We know that we are constantly under attack from all sides: viruses, phishing emails, attempts to compromise websites, firewalls being probed for weaknesses… It’s just part of managing an IT department. IT professionals need to be vigilant of threats at all times. Everyone else, though, tends to go about their jobs unaware. Since many security incidents begin with our end users, a security awareness plan is critical (and if your organization is covered under HIPAA, it’s also mandatory).

In the IT Communication Plan, one of our scheduled communications is a regular Security Awareness communication that’s sent out every other month:

There is no shortage of topics to cover:

  • Identifying malicious email
  • Updates on new viruses and security threats
  • Reminders of security policies and procedures
  • Do’s and Don’ts for safe computing

One thing they all have in common is that they are fairly dry. So I’ve always done my best to keep these communications entertaining while also being informative.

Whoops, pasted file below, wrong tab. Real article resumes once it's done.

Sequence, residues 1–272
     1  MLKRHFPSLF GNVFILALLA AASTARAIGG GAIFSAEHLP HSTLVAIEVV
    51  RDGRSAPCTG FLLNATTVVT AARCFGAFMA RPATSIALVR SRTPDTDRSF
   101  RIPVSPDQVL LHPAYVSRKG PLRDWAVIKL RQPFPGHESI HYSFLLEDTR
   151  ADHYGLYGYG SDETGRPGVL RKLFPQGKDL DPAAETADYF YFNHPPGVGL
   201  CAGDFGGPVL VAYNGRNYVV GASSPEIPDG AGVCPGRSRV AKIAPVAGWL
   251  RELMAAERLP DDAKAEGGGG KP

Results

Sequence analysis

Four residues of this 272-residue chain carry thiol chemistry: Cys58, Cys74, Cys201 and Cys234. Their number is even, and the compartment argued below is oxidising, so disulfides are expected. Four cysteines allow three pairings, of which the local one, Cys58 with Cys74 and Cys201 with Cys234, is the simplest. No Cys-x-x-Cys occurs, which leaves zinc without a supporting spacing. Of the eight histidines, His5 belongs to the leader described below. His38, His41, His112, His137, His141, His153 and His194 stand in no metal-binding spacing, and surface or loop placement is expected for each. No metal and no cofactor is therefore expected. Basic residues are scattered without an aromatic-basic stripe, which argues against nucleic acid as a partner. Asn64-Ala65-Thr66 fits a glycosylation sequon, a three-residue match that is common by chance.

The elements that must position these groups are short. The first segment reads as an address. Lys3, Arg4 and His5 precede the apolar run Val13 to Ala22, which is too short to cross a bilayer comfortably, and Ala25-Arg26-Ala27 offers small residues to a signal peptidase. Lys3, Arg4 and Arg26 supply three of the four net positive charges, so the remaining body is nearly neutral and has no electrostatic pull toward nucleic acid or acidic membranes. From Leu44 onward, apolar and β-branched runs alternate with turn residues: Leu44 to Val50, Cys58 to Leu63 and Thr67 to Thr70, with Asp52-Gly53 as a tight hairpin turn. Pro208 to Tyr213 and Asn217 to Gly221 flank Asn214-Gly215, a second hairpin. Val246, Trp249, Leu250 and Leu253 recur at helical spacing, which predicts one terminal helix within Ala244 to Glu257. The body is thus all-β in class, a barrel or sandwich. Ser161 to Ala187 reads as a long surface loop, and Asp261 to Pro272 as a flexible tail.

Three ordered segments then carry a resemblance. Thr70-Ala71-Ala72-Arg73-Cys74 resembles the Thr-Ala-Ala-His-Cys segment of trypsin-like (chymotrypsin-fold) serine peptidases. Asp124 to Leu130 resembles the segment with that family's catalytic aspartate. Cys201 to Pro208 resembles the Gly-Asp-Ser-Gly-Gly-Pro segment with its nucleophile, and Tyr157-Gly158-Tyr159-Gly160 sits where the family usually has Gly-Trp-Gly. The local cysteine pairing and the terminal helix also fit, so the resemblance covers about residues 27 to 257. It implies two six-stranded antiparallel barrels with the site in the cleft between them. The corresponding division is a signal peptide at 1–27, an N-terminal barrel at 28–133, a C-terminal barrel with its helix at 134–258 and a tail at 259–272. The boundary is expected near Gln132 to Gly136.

Another tactic I’ve used is to make a game out of security awareness. I implemented an on-going contest for users to submit malicious emails they’ve received and identified. With each Security Awareness communication, a winner is picked from those who submitted. This accomplishes several things:

  • Users do a better job looking for malicious emails and not clicking on them.
  • Malicious emails that make it past our spam filters are brought to our attention.
  • The Security Awareness notices tend to get read a bit more because people want to see who won.

Sample templates

It’s important that your communications have a consistent format, and that they’re branded for your organization. That’s where templates can come in handy.

To give you an idea of what these emails might look like, I’m sharing four Security Awareness templates I created:

  • Security alert: ID badges and visitors
  • Security alert: Phishing emails
  • Security alert: Zip file dangers
  • Security alert: Password pointers

You can download the set of templates, copy what you need into your favorite text editor, and make any desired tweaks to the content and format. Then, just paste it into an email for distribution to the appropriate recipients. All these communications are intended to be placed directly in an email (i.e., they are not attachments) to make them easier to read (and harder to overlook).

As long as communication is kept on everyone’s minds — not just IT’s — you are getting the job done.